This week I had a chance to watch a film some critics call a masterpiece, while others were not as warm.

“The Immigrant” stars the fabulous Marion Cotillard as Ewa Cybulska, a young Polish woman who arrives in the New York City of 1921. Ewa brings with her her sister Magda (Angela Sarafyan), ill with tuberculosis.

Director James Gray gives us city streets jammed with longing, frightened faces. The details are incredible. It’s as though Gray rented Francis Coppola’s old “Godfather” streets. But of course there is only the camera of the incredible Darius Khondji (“Amour”) to thank for that.

Ewa and Magda arrive and at once are pummeled with the cold stones of reality. They and their fellow passengers have just emerged from fetid steerage, are suddenly blinded by the light and the frightening magnificence of the city, and moments later, stunned by the ice cold disregard of the uniformed keepers of Ellis Island.

The heartbreak and cruelty start at once on Ellis Island, when Ewa’s sick sister Magda is heard coughing and is torn from Ewa’s arms and taken away to the infirmary.

Ewa is charged with “low morals” for an alleged event on the boat and is set to be deported. Her uncle and aunt, who were supposed to meet her, have not appeared, and their address appears to be in error.

Then the real darkness arrives. A courtly man of manners, frocked in business clothes, blessed with a pleasant smile and a modulated voice, tips his homburg and introduces himself as a representative of the Traveler’s Aid Society. He offers to guide Ewa to a better place.

This is, of course, Bruno Weiss, played by Joaquin Phoenix, with a smile that floats across his face as though coated with oil.

I don’t know why it didn’t occur to me on my first outing with the film that had Ewa grown up, as we did, with Disney’s “Pinocchio,” she would have recognized “Honest John,” the sly fox who needed “naughty boys” for his “Pleasure Island.”

Bruno’s Pleasure Island is his burlesque musical theater, where he stages amateur musicals rife with nude girls he has plucked one at a time to dance and lure customers to his “Pleasure Island,” a multi-floored tenement brothel. Our unsuspecting and desperate Ewa has stepped onto Bruno’s slippery slope.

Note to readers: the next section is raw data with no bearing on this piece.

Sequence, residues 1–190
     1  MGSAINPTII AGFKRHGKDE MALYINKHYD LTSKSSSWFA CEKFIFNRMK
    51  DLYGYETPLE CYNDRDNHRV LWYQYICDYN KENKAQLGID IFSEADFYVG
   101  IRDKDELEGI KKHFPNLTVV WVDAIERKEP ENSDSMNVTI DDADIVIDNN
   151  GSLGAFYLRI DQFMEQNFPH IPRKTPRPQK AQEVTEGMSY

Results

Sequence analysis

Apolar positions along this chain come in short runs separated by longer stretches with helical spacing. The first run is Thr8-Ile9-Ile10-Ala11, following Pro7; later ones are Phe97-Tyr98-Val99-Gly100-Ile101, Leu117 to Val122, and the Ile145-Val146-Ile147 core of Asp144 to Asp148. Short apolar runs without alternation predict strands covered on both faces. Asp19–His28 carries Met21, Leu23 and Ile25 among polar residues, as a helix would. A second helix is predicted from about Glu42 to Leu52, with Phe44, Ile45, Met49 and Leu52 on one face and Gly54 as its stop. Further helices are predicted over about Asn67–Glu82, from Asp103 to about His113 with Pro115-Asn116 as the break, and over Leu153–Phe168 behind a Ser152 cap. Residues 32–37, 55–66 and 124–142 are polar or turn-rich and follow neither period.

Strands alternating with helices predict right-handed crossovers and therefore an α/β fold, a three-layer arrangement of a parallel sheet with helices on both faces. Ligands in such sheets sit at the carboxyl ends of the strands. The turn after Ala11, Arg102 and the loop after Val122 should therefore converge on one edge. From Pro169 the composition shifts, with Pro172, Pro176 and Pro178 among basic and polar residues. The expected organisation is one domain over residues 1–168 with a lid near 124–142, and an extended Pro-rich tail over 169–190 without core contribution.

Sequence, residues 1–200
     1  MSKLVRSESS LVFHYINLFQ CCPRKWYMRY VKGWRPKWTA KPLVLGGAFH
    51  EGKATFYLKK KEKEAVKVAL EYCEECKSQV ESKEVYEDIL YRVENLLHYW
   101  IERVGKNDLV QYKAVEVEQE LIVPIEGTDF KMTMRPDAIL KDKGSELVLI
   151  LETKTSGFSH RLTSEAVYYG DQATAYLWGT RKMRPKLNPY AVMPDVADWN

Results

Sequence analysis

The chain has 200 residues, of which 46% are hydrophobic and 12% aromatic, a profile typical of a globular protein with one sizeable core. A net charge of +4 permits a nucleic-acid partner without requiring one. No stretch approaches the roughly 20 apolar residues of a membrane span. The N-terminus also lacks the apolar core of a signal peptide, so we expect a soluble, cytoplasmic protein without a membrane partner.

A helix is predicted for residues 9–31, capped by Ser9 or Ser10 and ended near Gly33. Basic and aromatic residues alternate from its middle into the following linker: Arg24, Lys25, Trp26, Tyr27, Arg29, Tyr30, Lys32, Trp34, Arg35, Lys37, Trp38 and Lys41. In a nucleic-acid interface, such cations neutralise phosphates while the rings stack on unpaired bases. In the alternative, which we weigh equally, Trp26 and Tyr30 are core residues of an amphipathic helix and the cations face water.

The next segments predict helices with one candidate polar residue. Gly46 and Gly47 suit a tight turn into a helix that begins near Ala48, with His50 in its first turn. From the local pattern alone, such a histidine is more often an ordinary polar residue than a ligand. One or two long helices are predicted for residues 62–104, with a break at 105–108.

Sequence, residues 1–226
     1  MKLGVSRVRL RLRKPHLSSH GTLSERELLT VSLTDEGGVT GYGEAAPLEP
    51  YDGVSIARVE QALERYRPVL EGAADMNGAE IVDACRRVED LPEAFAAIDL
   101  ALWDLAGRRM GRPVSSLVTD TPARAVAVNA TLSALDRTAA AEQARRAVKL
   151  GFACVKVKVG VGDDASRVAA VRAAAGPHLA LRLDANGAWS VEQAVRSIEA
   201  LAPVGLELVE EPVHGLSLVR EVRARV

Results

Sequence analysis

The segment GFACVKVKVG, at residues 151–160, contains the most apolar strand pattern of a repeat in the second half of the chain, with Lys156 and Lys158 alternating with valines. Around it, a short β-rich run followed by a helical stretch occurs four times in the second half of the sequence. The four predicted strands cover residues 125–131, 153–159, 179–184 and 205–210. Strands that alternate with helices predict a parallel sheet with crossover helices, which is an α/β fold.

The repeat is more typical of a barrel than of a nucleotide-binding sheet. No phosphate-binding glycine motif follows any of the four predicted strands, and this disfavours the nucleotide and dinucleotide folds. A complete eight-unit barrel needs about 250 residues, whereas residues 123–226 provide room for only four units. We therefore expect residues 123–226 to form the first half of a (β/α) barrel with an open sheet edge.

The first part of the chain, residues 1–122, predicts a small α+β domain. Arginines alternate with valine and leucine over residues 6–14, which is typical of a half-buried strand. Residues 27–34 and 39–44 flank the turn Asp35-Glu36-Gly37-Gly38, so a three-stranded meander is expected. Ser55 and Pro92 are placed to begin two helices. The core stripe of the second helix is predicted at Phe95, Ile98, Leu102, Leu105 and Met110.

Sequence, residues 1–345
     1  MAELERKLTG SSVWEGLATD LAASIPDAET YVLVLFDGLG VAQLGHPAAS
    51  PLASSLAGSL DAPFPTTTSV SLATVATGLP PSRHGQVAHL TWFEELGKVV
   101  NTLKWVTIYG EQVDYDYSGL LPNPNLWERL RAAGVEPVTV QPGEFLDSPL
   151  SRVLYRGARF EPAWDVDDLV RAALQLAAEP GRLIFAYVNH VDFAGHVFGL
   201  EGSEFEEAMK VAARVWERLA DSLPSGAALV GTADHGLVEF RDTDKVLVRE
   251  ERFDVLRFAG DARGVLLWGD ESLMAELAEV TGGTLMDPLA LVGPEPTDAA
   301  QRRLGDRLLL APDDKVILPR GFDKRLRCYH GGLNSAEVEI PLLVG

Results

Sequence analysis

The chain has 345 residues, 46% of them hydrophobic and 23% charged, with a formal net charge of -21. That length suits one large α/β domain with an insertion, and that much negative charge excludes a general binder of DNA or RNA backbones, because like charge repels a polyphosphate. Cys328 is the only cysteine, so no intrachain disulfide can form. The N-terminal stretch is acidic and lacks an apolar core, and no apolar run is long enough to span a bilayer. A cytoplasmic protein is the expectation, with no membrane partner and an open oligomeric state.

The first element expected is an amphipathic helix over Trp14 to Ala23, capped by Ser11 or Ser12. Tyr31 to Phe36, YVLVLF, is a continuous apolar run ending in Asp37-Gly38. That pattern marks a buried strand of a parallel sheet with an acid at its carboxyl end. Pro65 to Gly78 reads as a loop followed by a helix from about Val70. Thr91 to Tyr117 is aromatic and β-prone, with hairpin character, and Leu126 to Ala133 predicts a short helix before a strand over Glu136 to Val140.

The darkness of “The Immigrant” that arrives with Bruno soon takes on a foul smell of duplicity, greed, garbage-strewn hallways and the fallen angels of a shattered Europe. Welcome to America.

When his burlesque dreams fall apart and he is ejected, Bruno takes his flock to the streets, to alleys and garages.

After a few failed attempts, Ewa, desperate for money to rescue her sister, succumbs, and starts her dance to the bottom.

Eventually we meet Emil (Jeremy Renner), Bruno’s cousin and amateur roadshow magician, who is immediately besotted by Ewa. No wonder. Director Gray, in a masterful move, carefully surrounds Cotillard with a bevy of corpulent cuties right out of Federico Fellini’s scrapbook.

Betrayal will coat each following scene. The ending is somewhat softer than we expect, but one just as dark and bitter. We find ourselves left with some sour, hard pebbles in our popcorn.

Still, Gray’s film is beautiful to see. The sets, costumes and lighting are incredible, and those things haven’t changed. I’m not sure what has. Probably me.

J.P. Devine, a Waterville writer, is a former film and stage actor.

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